Boston’s Police Commissioner William Gross retires, Dennis White to take his place

Skye Richmond, breaking news editor

William Gross will retire this Friday, Jan. 29, after being appointed August of 2018 as Boston’s first Black police commissioner, Mayor Walsh announced Thursday morning. 

Dennis White currently serves as a superintendent in the department and chief of staff to the commissioner. As of Friday, Jan. 29 he will take over as the 43rd police commissioner of the Boston Police Department, or BPD. White will follow Gross as the second African American to hold the position of police commissioner in the City of Boston.

White has been a public servant for 32 years. He worked for the Boston Police Reform Task Force, which was created after the killing of George Floyd and the national outcry for policy reform. 

“As police commissioner, Gross worked to ensure that BPD lived up to the ideas of community policing,” said Walsh’s office in a statement

During his time as commissioner, Gross established the Bureau of Community Engagement at BPD which strives to encourage community policing and build increased trust between citizens and law enforcement. He also conducted a departmental review of policies regarding recommended use of force strategies outlined in the 8 Can’t Wait campaign with the intent of clarifying rules.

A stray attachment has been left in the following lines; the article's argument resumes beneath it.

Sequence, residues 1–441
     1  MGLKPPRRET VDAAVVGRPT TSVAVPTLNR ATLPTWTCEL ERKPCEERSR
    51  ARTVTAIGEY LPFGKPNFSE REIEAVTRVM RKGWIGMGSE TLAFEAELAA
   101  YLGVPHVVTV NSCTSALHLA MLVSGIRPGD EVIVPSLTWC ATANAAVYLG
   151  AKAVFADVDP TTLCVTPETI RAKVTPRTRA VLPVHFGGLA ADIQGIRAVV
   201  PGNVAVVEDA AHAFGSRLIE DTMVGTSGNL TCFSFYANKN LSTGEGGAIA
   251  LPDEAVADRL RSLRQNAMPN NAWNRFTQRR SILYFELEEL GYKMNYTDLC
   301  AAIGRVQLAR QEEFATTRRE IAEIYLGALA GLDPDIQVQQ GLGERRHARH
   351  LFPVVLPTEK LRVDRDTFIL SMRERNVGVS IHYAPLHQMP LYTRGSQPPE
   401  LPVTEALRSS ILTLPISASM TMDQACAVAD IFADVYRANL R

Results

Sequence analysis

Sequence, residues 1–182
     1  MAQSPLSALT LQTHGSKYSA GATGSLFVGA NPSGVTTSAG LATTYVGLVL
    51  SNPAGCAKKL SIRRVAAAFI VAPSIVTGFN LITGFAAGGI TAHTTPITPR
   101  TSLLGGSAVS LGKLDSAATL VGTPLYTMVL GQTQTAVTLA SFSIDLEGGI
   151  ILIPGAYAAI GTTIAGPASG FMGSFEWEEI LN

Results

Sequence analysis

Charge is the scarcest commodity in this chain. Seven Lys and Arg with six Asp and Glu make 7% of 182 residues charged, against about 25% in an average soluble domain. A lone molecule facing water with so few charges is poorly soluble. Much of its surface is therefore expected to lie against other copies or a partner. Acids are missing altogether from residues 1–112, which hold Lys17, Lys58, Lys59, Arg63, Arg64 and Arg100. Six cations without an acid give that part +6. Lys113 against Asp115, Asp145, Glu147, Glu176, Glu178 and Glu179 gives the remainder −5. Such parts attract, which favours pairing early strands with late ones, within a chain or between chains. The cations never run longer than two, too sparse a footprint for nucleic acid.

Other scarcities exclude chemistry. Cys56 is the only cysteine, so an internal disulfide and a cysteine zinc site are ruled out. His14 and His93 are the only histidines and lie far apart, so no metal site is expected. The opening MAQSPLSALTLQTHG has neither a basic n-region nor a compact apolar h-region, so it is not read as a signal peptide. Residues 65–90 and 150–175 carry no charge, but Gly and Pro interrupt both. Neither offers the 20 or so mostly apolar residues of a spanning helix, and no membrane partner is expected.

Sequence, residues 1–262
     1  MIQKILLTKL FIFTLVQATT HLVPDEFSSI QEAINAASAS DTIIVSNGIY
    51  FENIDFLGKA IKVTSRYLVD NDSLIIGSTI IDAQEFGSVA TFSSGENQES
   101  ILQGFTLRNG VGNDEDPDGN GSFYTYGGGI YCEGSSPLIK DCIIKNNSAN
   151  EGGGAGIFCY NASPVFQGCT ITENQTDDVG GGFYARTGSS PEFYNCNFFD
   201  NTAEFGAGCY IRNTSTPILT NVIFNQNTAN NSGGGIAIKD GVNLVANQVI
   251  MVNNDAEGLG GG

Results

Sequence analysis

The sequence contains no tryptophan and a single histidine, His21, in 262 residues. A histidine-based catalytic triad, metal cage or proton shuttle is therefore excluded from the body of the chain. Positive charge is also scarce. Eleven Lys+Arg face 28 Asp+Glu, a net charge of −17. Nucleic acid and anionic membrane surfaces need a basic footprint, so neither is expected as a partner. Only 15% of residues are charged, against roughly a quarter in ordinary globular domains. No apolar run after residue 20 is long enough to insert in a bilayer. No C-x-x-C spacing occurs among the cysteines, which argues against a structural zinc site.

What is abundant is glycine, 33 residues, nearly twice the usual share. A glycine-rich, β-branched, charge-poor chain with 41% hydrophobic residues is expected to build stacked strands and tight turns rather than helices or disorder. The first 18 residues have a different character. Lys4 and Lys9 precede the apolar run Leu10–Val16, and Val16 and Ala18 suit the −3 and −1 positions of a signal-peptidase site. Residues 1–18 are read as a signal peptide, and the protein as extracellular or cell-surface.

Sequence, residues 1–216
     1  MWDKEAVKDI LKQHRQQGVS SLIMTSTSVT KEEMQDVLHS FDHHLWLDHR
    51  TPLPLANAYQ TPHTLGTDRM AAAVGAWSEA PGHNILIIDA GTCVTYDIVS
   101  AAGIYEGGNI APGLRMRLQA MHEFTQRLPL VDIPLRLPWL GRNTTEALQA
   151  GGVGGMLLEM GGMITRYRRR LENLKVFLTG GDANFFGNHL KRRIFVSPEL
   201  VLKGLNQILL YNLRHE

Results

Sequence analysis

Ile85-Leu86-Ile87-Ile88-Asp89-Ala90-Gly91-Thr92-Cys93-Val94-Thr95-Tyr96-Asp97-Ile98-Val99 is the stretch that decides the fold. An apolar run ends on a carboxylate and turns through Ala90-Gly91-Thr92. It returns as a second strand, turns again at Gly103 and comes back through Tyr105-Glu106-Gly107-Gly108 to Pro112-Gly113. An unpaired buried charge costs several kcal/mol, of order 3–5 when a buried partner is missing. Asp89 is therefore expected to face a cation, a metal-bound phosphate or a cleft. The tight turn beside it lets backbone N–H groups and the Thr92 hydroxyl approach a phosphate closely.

Additionally, under his leadership, the department distributed body cameras to more than half of the police force.

Gross was also involved in a number of controversies. Soon after being appointed as commissioner in 2018, he criticized the ACLU of Massachusetts on Facebook as a “band of paper warriors” more focused on filing lawsuits than supporting the police’s efforts in fighting crime.

He also faced widespread criticism in June 2020 after meeting with Attorney General William Barr. After a photo of the two men shaking hands and smiling was released by Barr’s office, Gross claimed he did not consent to the publication of pictures. Gross did, however, defend the meeting which he said was requested by the attorney general.

The abrupt retirement comes amidst rumors that Gross is considering a mayoral run. 

The anticipated departure of Mayor Walsh comes after his recent nomination as labor secretary by President Joe Biden. Once Walsh’s nomination is confirmed by the United States Senate, City Council President Kim Janey will serve as mayor until the mayoral election in November. 

“It has been an honor and a privilege to serve as police commissioner, leading a department of hardworking men and women who serve this city day-in and day-out, and put the safety and well-being of our community first,” said Gross.